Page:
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The Big L.I.E.

A book and a movie explore the Long Island cliche.

11:01 PM, Dec 5, 2001 • By DAVID SKINNER
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IT REACHED ITS PEAK in the early '90s, when Amy Fisher shot Mrs. Joey Buttafuoco: the decades-long transformation of Long Island into a laughingstock. The setting for "The Great Gatsby" became known as a cultural valley of the ashes, home to loud girls with big hair and the Guidos who married them. A recent novel and a newish movie, both of which garnered significant critical praise, do almost nothing to defend the honor of this unusual, punchy, and wonderful place.

Which would hardly matter if their stories simply took place on Long Island. But such is not the case in last year's "L.I.E.," a novel by David Hollander (who grew up in Suffolk County), or this year's "L.I.E.," an unrelated movie directed and co-written by Michael Cuesta (also a Long Island native). L.I.E. stands for Long Island Expressway, a six-lane highway that runs all the way from the western end of Queens to Riverhead way out on the north fork. Judging from these two works, the L.I.E. is to Long Island what the Beltway is to Washington, D.C., a handy and unpleasant symbol for people who don't like the place anyway.

"L.I.E." the novel is a joyless ride. "Cutting through the landscape, connecting small towns to the world at large," says the backcover, "the Long Island Expressway has many exits--and each one tells a story." But a great number of Hollander's characters are no more than split-second riffs on the awfulness of their hometown. And those developed beyond one-sentence summary judgments don't come off any better.

Main character Harlan Kessler's father is an overweight dope whose wife cheats on him. He appears as the perfect expression of a Long Island loser. "Jesus Christ, he muses. The post office. I work the night shift at the goddamn post office. I was Harlan's age once. I sang in a band. I had a fast car." (Italics in the original.) A flashback to when Harlan and his father went fishing suggests the man has hidden reserves. While fighting a bass, the line on his fishing rod snaps. "He leaps in the lake and reaches for the frayed line before it disappears forever, before this becomes just one more regret, and he wraps this garrote around his hand and wrist . . . as he manually drags the bass . . . his nostrils flaring, his eyes wide, his beard dripping. No fish could ever have anticipated such lunacy." (Italics, original.)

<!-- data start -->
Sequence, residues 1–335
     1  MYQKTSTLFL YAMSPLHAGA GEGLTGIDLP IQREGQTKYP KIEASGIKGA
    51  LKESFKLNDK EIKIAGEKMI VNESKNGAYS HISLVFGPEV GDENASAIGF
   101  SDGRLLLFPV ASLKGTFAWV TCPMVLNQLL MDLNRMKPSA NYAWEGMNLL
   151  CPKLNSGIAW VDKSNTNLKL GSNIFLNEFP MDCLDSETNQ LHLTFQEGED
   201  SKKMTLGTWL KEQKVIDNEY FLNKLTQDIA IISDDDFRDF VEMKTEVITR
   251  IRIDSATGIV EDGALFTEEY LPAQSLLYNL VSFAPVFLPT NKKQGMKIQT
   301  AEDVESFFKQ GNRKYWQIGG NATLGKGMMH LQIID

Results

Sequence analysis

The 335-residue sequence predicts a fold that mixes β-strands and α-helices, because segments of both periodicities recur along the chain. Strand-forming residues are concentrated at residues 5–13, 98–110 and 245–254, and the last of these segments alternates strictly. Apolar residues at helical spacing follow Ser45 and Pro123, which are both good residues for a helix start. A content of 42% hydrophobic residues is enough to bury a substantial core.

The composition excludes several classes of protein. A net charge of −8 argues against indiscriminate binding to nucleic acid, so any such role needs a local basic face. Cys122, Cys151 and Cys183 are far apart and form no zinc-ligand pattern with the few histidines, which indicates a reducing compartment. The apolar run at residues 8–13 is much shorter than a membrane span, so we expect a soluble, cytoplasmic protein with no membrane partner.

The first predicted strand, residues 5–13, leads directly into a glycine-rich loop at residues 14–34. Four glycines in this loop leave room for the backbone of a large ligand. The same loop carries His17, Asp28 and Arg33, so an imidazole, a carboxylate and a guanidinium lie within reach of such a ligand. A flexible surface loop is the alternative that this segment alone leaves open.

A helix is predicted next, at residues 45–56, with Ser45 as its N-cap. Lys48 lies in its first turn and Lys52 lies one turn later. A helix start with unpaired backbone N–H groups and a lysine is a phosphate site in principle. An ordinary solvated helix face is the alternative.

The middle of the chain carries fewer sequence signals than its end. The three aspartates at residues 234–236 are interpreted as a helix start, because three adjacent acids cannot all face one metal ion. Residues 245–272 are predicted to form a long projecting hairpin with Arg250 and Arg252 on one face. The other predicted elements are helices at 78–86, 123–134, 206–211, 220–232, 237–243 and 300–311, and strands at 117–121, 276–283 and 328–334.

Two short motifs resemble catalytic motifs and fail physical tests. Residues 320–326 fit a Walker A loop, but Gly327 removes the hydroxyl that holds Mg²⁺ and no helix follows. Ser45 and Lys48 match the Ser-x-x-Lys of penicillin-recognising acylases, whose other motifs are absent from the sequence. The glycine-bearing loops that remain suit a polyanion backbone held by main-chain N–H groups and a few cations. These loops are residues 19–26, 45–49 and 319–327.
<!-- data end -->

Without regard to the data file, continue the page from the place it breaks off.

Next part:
Too bad Harlan's father lives near the L.I.E. Else he might be increasingly in touch with his highly entertaining inner clown. As things stand, Harlan's father is for the rest of the book held hostage to the author's adolescent ax-grinding over how dumb and decadent Long Island is. And absurd. To make this latter point, Hollander devotes twenty-two pages, about one-tenth of this slim novel, to rendering the story as an absurdist play. Such is Hollander's impatience with Long Island and its actual, can't-believe-it, realness that, after italicizing every other word for emphasis, he subjects the place to an alien invasion. Long Island becomes, albeit briefly, a construction of science fiction. The effect is unreal, dude--and too inane for discussion. (Italics mine, for extreme sarcasm.)

"On the Long Island Expressway, there are lanes going east, lanes going west, and lanes going straight to hell," says a voiceover at the beginning of "L.I.E." the movie. Marketed as a blow for free speech, the unrated film has been acclaimed for its pederast with a heart of gold, played by Brian Cox. On the L.I.E., at a rest stop, the pederast cruises boy prostitutes. As in Hollander's novel, Long Island itself plays a main character, a wasteland of suicidal children and immoral adults. 'Tis a pity the movie's been celebrated for its flirting perversions and not its far more daring touches. First, deviant lust is sublimated (thankfully) as better angels prevail and the pederast becomes an accidental father-figure to the teenaged Howie. Second, Howie returns the favor by reciting for the older man some lovely and touching verse, written for his dear mother--who, in a fatal overdose of symbolism, died in a traffic accident on the L.I.E.

The counties and shoreline that gave America such striking personalities as Billy Crystal, Billy Joel, Jerry Seinfeld, Howard Stern, Ray Romano, Bob Costas, and so many others remain a proving ground for cynical young talent. In both "L.I.E."s, human nature shrinks to express authorial contempt for all the towns east of Queens. Long Island's sophistication, its sleepy, welcoming northern shore, its hilarious scandals, its celebrity enclaves, its marrow of second and third-generation white-flighters--all this exciting variety has turned mealy and predictable in the hands of a couple of locals embarrassed by their hometowns.

For proud Long Islanders, however, things may be looking up. With Elian, elections, and Anthrax, Florida has put together a very credible challenge for the nation's crown of scorn.

David Skinner, assistant managing editor, grew up off exit 31 of the Long Island Expressway.